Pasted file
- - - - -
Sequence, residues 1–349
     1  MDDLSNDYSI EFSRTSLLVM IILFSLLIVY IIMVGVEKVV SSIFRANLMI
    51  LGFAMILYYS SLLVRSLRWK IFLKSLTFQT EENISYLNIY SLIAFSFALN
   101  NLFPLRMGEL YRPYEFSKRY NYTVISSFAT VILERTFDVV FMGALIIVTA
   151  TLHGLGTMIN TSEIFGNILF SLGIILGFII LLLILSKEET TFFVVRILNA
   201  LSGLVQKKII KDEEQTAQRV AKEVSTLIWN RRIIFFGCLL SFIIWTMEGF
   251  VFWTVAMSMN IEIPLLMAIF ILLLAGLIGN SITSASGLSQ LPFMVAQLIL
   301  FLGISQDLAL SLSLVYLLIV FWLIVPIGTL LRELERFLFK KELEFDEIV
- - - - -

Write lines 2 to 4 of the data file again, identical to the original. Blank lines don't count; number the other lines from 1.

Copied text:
     1  MDDLSNDYSI EFSRTSLLVM IILFSLLIVY IIMVGVEKVV SSIFRANLMI
    51  LGFAMILYYS SLLVRSLRWK IFLKSLTFQT EENISYLNIY SLIAFSFALN
   101  NLFPLRMGEL YRPYEFSKRY NYTVISSFAT VILERTFDVV FMGALIIVTA